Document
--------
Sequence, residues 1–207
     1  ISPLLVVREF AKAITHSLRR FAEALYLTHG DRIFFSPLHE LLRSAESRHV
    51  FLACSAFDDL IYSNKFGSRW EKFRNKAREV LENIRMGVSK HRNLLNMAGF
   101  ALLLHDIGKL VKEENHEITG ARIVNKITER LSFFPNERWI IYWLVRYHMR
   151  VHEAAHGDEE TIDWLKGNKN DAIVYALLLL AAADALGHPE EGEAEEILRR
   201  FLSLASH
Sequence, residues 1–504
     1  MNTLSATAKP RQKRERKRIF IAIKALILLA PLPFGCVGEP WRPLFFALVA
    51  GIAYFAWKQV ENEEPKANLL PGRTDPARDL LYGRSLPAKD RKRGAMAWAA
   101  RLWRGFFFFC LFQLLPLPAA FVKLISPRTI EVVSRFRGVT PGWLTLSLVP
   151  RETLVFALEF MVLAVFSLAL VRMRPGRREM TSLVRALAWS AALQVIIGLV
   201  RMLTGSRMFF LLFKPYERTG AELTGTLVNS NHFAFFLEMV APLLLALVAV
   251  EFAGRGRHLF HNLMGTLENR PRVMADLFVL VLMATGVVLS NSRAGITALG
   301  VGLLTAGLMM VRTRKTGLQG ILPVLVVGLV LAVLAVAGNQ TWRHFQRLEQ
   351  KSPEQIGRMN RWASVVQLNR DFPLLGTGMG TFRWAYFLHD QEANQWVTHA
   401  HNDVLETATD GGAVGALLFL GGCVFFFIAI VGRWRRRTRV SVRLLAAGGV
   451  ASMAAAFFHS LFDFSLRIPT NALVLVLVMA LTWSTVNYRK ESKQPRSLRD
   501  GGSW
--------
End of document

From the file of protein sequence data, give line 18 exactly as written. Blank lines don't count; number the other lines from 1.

   501  GGSW